“Today I attended a program for Cambridge Participatory Budgeting. I feel that this is an excellent program because every project that won looks nice, for example, computers at the CLC, public toilets for Central Square and healthy trees for a healthy Cambridge. I think that everything is good and everything is getting better. The next time, we need to get many people to join us and work hard together.”


“I feel really happy about this process because the city heard my opinion. It was an exciting opportunity for me because the city listened to me and that made me feel special. What is amazing is that they approved our ideas and I hope next year they take our opinions.”


“The PB voting project for the Cambridge Community is incredible. I felt good that the city is doing great things and engaging the residents. I liked the process because they city listened to people’s thoughts and changed to make it a better place to live and work. I liked some of the winning projects, like CLC laptops and free Wifi spots and tree planting. Next time I hope we get together and do a great job.”


“I feel very good about the PB voting process for the community because I live here. I really like the process and the winning projects – bilingual books, computers for CLC – because it is great progress for this city. This was an amazing project for the city and it will be good for us to do next time.”


Teresa Brown’s Level 5 Class

“During December we discussed the participatory budget process. When we started to discuss the topic, we used information about it on a website, and then discussed our proposals in the group. The next step was two visitors coming from the City Hall, and they tried to explain about the participatory budget by showing charts. After that, based on our suggestions they collected our proposals. The third step of our discussion was information about the ballot, then we analysed and made decisions. Finally, we went to the City Hall for voting. While some of the students voted, I walked around inside the Hall to look at pictures and the architecture of the building. In general this was my first time voting, and I am so happy.”


“On December 4th we started to learn about how to spend $500,000 of the budget decided by Cambridge residents. Then two speakers came to our class on December 5th. One came from the city budgeting office, and the other came from the participatory budget project. They presented some information about Cambridge residents’ ideas. Then they collected some ideas from our class. Next on March 24th we practiced choosing and learned how much each choice would cost. On the following Friday we went to City Hall to vote, and after we finished voting we visited the City Hall offices and saw a Cambridge map.”


“In December three employees came from Cambridge City Hall. During that day, they were talking about the budget. They asked us for our ideas, and afterward to participate. The next step was handing out some paperwork to show us how we could participate, while we all listened. In the meantime, each of them took a turn to speak, from one to another. Last week we went to City Hall, after class, to participate in the Budget Process. Finally my classmates and I went there, voted, and walked around, floor by floor. We had fun, and I’m glad I voted for the things I want to happen right here in Cambridge.”


“We participated in Participatory Budgeting. First, Teresa gave us a lot of information and showed a website in December. We discussed what problems we had. The next step, two visitors from City Hall came to our class and made suggestions. We wrote our ideas, and then they corrected them. Finally, we went to City Hall last Friday to vote after getting information about the choices we had. I think all these processes are very good for me. This is the first time I went to City Hall and voted in the U.S. I am glad I participated in Participatory Budgeting.”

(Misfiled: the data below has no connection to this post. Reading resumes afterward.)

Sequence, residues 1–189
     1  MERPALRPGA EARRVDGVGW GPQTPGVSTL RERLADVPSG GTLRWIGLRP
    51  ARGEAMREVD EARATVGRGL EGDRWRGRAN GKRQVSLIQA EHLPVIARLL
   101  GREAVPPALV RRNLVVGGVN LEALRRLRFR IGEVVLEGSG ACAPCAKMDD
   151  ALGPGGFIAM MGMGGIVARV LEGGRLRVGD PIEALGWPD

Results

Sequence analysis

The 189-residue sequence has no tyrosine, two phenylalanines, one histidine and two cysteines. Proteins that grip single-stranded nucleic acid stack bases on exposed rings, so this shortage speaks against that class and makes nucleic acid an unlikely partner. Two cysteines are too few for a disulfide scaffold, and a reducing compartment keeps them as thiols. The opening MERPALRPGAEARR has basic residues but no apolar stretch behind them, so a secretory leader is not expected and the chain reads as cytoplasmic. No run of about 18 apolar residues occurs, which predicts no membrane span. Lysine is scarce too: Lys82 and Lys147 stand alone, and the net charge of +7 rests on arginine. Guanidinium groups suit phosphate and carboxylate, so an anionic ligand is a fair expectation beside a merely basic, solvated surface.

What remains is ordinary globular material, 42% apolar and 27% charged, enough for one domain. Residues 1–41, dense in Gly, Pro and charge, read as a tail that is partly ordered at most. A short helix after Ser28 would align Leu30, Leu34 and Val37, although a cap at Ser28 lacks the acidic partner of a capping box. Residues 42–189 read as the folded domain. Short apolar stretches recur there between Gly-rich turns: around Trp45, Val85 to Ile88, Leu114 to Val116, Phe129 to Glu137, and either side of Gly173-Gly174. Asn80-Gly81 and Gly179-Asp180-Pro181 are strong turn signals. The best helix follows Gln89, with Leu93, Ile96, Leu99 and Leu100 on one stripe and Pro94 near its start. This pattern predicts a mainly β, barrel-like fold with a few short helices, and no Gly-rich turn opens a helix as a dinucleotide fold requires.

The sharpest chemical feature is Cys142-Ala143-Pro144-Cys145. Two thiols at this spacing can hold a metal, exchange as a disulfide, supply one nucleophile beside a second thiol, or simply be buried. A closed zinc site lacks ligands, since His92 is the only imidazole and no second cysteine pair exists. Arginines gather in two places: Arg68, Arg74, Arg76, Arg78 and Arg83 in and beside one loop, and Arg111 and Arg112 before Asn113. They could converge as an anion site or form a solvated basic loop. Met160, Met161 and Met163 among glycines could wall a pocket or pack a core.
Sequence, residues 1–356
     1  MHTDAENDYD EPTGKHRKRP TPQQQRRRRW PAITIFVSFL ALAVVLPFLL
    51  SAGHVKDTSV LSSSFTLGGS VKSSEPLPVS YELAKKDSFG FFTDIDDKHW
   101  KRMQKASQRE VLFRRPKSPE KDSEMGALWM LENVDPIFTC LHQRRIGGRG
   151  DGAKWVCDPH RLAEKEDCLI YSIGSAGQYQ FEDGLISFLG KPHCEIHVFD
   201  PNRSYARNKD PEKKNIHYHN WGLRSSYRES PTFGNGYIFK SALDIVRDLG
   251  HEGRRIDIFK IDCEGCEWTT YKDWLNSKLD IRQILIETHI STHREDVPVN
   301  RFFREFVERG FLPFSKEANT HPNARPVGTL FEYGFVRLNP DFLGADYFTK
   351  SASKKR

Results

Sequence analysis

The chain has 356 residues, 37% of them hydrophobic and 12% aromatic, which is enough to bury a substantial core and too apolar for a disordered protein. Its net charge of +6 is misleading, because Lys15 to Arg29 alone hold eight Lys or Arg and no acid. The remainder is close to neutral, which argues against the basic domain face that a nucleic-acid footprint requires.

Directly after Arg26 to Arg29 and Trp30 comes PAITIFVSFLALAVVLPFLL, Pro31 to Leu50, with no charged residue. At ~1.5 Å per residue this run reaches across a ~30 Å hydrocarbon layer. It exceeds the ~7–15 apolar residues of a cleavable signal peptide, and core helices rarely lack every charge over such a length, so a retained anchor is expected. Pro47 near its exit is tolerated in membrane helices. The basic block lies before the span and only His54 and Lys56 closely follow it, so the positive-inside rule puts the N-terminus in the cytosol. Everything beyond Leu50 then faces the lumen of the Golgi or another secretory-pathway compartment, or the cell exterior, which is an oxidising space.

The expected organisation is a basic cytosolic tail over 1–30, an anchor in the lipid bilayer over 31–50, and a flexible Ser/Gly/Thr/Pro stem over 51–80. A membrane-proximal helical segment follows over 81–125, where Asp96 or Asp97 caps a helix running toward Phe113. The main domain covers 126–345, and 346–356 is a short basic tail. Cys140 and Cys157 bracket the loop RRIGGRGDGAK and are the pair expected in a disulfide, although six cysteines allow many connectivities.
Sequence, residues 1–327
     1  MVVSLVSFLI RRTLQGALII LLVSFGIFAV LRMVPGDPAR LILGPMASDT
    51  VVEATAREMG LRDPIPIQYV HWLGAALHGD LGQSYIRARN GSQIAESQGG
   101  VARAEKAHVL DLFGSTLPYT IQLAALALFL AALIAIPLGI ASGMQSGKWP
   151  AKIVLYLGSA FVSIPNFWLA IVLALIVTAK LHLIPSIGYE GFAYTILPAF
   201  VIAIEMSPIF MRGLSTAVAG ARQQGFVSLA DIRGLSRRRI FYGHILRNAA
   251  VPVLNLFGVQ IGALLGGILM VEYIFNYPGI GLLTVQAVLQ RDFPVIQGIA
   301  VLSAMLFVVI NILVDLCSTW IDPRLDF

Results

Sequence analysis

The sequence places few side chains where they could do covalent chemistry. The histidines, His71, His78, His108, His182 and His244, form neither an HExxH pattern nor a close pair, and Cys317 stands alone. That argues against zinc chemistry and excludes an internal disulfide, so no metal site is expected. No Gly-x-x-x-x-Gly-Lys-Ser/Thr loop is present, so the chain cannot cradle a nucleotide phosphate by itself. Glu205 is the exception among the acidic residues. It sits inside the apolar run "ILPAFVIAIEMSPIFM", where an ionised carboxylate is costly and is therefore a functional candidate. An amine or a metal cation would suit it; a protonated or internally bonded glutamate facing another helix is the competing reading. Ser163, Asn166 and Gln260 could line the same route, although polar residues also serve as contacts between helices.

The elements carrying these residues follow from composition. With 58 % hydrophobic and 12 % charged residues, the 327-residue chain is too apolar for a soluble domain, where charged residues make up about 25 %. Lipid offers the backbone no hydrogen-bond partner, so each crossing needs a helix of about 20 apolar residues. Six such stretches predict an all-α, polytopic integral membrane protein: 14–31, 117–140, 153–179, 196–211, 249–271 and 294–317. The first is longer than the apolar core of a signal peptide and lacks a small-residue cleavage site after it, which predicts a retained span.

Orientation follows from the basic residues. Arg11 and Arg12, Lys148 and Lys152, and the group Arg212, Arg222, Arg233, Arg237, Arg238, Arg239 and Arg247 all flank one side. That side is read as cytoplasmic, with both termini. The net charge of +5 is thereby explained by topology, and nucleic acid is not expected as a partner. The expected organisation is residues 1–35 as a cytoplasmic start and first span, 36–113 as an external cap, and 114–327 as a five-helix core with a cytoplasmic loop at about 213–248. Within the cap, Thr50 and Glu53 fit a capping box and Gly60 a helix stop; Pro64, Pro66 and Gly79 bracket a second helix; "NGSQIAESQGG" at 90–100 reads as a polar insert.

“Last December, our teacher taught us how to find Participatory Budget Process on the website. The first step is that we know what participatory budgeting is. Then, we found the categories, proposals, and maps on the website. After that, two visitors from City Hall presented the process of Participatory Budgeting to the class. We could understand how we would vote on this budget. Last Friday was voting day. First, we needed to confirm our residency in Cambridge. At this point, we could show ID or a letter with our name, or sign a paper to confirm. Next, we got a blue voting paper. We finished this paper by ourselves. Finally, we put this paper in a box. In the end, we walked around City Hall. I liked to do this process, because it helped me to understand how to vote in the USA.”


“In December, 2014, we got information that the City of Cambridge had $500,000 that they wanted to spend on capital projects, so they asked the residents of Cambridge for ideas and suggestions. After that we received two visitors from City Hall who illustrated the proposals for the project, and at this point we made our suggestions. Before the committees in meetings made decisions, they selected worthy suggestions, and the next step was to get people informed. Finally we went last Friday to Cambridge City Hall, and we voted on the Participatory Budget after a long process. We are glad that City Hall gave us this opportunity to be a part of the making of decisions.”


“Last December, we learned about the Participatory Budget Process (PBP). First, Teresa showed us a website which has a map of Cambridge. The map had symbolized pictures for education, health, playgrounds, parks, etc. After seeing a chart, we thought about what places in Cambridge need more money budgeted. Second, two visitors came to our class to explain the project and collect our ideas. I came back home, and as soon as I entered the website I wrote down my ideas. After 3 months, I received an email from City Hall, and they announced that they had 20 suggestions and I could vote for 5 of these. While I read the email, I decided which suggestions were the best 5. Finally, last Friday I went to City Hall to vote for these 5 with my classmates. We got the ballot paper, and then we voted for our 5 suggestions on the ballot. I was so proud of my decisions. It will make this a nicer Cambridge.”


The amount actually allocated ended up being more than $27,000 greater than the $500,000 originally set aside, because the City had decided to fund fully the last of the winning projects; a nicer Cambridge indeed!